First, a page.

Today, UCAS publishes analysis of all full-time undergraduate applications made by the 30 June deadline. This represents the full picture of demand from applicants to UCAS’ 2017 "main scheme”, where applicants make up to five choices.
The number of people who have applied to UK higher education courses for 2017 at the June deadline is 649,700.
This is 4% (around 25,000) fewer applicants compared to this point last year; a similar, but slightly smaller reduction than was seen at the January deadline (where the change was a decrease of 5%, around 30,000).
There are now 529,620 UK applicants (a decrease of 4% compared to this point last year); 49,250 EU applicants (a decrease of 5%); and 70,830 applicants from other overseas countries (an increase of 2%).
There have been reductions in applicants from all countries of the UK: 437,860 from England (a decrease of 5% on 2016); 48,940 from Scotland (down 1% on 2016); 22,530 from Wales (down 5% on 2016); and 20,290 from Northern Ireland (down 4% on 2016). More detail on these figures can be found within the Analysis of applicants by domicile publication.
The year-on-year changes in applicants show differences across age ranges. There are around 321,950 18-year-old applicants, an increase of 1,510 on last year. In England, the proportion of the 18-year-old population who have applied to higher education, the ‘application rate’, has increased from 37.2% in 2016 to 37.9%, the highest level recorded. In Wales, the application rate has fallen from 32.9% to 32.5%. There were 315,200 applicants at the deadline aged 19 or older (a decrease of 27,180 on last year). More detail on these figures can be found within the Analysis of applicants by sex and age publication.
There are additional statistics on applicants to nursing courses. Overall, there are 53,010 applicants to nursing courses, representing a decrease of 19% compared to this point last year. More detail behind these figures, and further breakdowns, can be found within the nursing publications.
Dr Mark Corver, UCAS Director of Analysis and Research, commented: “With the main application period at an end, the total numbers of people applying are down 25,000 on last year, around 4%. Within the figures, there are contrasting trends. The decrease in applicants is driven by falls from England, Wales and the EU, but applicants from other overseas countries are up 2%. Within the UK, older applicants are down, but applicants from the key 18-year-old age group have increased again to 321,950, supported by a record application rate from young people in England of 37.9%.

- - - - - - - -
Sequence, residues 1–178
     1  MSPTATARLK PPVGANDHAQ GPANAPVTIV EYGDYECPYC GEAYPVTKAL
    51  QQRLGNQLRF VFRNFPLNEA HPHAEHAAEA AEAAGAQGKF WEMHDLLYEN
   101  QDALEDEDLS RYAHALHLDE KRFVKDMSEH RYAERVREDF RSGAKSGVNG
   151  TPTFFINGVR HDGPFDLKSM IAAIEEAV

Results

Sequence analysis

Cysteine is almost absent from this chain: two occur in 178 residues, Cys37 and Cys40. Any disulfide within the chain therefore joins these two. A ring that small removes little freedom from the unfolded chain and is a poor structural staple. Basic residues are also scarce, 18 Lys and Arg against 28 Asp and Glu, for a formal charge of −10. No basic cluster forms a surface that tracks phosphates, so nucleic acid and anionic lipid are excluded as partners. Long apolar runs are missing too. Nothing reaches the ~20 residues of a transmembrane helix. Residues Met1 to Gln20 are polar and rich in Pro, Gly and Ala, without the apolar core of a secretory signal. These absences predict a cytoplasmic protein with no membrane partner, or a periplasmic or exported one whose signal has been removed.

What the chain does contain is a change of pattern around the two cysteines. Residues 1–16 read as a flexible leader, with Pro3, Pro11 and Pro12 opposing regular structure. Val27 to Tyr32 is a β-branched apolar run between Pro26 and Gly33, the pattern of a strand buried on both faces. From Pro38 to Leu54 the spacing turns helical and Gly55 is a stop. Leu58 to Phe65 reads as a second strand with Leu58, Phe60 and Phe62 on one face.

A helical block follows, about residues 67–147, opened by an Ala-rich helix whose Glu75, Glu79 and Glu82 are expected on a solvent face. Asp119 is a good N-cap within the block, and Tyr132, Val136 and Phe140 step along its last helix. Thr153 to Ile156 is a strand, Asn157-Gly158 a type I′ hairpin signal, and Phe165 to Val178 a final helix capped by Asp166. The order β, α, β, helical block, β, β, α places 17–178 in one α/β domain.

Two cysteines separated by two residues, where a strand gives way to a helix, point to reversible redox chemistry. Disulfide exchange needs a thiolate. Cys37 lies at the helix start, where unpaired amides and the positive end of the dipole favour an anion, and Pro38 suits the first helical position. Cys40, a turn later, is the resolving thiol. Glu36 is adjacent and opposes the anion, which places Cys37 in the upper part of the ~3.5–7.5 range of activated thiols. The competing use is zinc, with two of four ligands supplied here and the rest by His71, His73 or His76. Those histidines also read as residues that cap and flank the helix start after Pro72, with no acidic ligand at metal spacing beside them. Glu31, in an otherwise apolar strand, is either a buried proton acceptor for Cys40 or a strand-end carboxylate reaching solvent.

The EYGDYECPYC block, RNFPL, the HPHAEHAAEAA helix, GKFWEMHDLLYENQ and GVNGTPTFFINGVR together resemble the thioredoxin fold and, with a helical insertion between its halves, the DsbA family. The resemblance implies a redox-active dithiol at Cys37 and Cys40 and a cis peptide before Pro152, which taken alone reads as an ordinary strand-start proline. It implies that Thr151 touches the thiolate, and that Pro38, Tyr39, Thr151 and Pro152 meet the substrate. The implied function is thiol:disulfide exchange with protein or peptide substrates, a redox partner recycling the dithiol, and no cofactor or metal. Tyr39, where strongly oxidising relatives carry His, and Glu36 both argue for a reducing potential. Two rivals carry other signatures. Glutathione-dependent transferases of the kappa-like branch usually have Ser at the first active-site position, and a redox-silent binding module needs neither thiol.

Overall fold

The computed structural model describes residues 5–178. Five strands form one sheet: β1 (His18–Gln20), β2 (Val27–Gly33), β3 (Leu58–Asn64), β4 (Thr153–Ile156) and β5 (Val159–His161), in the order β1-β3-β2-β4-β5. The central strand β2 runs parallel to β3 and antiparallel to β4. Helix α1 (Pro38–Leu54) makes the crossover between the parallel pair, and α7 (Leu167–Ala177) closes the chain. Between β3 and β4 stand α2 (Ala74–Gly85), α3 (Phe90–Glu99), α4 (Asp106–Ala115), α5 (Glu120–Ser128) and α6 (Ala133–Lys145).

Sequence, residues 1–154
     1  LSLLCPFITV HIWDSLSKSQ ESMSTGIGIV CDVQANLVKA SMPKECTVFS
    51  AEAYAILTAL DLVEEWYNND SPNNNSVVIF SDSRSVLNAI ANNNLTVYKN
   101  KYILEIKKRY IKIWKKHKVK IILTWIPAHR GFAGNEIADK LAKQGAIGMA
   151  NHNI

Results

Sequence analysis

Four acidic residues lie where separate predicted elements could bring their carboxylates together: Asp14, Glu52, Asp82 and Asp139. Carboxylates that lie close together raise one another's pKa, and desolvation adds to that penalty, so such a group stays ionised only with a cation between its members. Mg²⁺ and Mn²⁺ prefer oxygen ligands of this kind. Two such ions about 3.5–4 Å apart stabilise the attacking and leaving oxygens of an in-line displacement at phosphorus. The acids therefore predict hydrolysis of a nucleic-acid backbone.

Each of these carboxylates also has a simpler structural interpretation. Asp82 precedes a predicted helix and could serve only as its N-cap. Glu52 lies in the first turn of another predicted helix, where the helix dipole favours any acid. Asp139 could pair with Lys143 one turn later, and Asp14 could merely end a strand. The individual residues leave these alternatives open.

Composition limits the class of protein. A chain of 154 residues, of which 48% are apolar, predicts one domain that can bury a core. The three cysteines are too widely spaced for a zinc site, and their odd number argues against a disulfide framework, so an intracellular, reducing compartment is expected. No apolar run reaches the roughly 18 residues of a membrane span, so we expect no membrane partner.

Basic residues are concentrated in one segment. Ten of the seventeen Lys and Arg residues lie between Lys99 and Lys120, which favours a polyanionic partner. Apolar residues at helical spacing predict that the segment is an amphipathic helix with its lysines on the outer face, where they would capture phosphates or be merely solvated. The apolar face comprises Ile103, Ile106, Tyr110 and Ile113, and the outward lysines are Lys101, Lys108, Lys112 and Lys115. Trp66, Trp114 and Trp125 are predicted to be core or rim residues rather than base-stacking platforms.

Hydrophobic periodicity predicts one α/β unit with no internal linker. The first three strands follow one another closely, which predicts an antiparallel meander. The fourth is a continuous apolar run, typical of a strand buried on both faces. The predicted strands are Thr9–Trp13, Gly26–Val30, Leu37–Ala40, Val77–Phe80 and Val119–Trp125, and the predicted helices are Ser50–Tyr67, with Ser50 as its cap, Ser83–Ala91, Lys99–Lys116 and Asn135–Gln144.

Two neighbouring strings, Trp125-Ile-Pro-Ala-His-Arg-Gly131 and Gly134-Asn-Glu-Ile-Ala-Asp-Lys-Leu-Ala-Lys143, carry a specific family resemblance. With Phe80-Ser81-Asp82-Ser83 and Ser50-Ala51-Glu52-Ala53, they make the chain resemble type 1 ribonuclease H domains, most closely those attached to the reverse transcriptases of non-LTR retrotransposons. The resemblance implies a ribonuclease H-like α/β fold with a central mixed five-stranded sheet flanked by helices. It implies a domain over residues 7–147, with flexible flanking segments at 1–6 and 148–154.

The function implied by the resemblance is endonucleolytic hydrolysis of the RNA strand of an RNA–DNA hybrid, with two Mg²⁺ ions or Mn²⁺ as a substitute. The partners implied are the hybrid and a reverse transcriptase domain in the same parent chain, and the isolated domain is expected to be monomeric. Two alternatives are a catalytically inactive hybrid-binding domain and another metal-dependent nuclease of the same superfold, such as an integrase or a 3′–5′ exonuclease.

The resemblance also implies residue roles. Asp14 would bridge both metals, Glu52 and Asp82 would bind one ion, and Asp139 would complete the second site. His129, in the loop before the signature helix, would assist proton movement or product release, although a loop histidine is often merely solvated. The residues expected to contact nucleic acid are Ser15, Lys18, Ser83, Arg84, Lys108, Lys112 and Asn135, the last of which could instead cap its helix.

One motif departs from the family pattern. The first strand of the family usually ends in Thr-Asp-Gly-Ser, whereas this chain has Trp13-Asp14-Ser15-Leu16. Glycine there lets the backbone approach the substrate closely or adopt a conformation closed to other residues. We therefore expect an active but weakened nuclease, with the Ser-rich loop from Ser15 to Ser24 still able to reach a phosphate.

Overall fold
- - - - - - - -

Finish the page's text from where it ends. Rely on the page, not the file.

“How these trends translate into students at university and colleges will become clear over the next six weeks as applicants get their results and secure their places, and new applicants apply direct to UCAS’ Clearing process.”
Notes to editors
UCAS tables published today (13 July 2017) include applicant numbers by age, sex, country of domicile, country of institution applied to, and institution type (higher, medium and lower Tariff), as well as the number of applications (choices) by subject group.
Percentage changes are rounded to the nearest percent in the tables.
The 15 January ‘on time’ deadline is the deadline for applications to most courses. After 15 January, UCAS continues to send applications to universities and colleges for consideration up until 30 June. Between the 2017 January and June deadlines there were 85,510 applicants. From 1 July, new applicants for entry in 2017 apply directly to the final Clearing stage of admissions.
The January deadline applicants account for (typically) 83% of all UK domiciled applicants in a cycle, and the June deadline applicants account for (typically) 94% of all UK domiciled applicants in a cycle.
In Scotland, there is a substantial section of higher education that is not included in UCAS' figures. This is mostly full-time HE provided in further education colleges, which represents around one third of young full-time undergraduate study in Scotland, and this proportion varies by geography and background within Scotland. Accordingly, figures on applications and application rates in Scotland reflect only that part of full-time undergraduate study that uses UCAS.
In the 2015 cycle, there were also changes to the scope of the data recorded in the UCAS scheme for Scotland (including teacher training courses in Scotland moving from the dedicated UCAS Teacher Training scheme into the main UCAS scheme).
UCAS, the Universities and Colleges Admissions Service, is a charity, and the UK's shared admissions service for higher education. We manage applications from around 700,000 people each year for full-time undergraduate courses at over 370 providers across the UK.
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